over 40 years of experience
Phillips & Angley
Attorneys & Counselors At Law
An Association of Professional corporations
Let Us Help You. Contact Us Today
866-675-2109617-892-4391
Menu

Zoning Archives

Challenging Zoning Bylaws: Standing: Another Jurisdictional Consideration

This is the fourth in a series of posts on challenges to zoning bylaws and ordinances. Before reaching the merits of zoning challenges, one more jurisdictional issue should be considered: standing-also referred to in the case law as "harm", "injury" or "aggrievement". "'The question of standing is one of critical significance. "From an early day it has been an established principle in this Commonwealth that only persons who have themselves suffered, or who are in danger of suffering, legal harm can compel the courts to assume the difficult and delicate duty of passing upon the validity of the acts of a coordinate branch of government.'"' Ginther v. Commissioner of Ins., 427 Mass. 319, 322 (1988), quoting Tax Equity Alliance v. Commissioner of Revenue, 423 Mass. 708, 715 (1996), ultimately quoting Doe v. The Governor, 381 Mass. 702, 705 (1980).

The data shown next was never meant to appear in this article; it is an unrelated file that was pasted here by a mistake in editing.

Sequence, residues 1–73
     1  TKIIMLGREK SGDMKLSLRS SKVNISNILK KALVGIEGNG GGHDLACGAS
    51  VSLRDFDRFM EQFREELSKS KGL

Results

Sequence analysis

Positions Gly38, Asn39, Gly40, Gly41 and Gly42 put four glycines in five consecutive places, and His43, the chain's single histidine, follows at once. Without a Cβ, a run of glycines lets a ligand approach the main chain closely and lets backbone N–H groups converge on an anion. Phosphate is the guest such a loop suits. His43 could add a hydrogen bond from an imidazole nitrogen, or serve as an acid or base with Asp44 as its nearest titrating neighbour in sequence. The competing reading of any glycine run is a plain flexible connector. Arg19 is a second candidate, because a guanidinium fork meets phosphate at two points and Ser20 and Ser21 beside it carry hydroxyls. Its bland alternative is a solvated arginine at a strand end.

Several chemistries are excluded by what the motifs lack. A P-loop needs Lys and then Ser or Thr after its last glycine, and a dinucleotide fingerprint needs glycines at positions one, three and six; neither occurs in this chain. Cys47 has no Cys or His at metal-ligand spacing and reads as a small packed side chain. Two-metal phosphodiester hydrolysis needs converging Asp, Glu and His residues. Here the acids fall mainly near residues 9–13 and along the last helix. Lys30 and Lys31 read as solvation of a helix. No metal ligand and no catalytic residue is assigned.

A denied building permit is not the end of your options

Boston is a historical city, and there are dozens of important historical sites and old valuable properties scattered across the city. Because of this, the city authorities uphold a strict zoning code in order to protect the history of Boston, the integrity of neighborhoods and the preservation of certain buildings.

Phillips & Angley Successfully Defeats Summary Judgment in ZBA Failure to Send Notice of Remand Hearings to Party-In-Interest in Land Court

On February 13, 2017, the Land Court, Scheier, J., issued an Order Denying Plaintiffs' Motion for Summary Judgment in Heller v. Conner et al., Land Court Docket No. 15 MISC 0000481 (KFS) in which the court denied a motion for summary judgment against the Zoning Board of Appeals of the Town of Plymouth (the "Board"), and P&A's client, Kingstown Corporation ("Kingstown"). The order rejected the plaintiffs' claim that the failure to mail notice of a zoning hearing to a party-in-interest was a fatal flaw in the public hearing process prescribed by G. L. c. 40A § 11, where that party-in-interest is a plaintiff in the ongoing de novo appeal of the permitting issued through that process.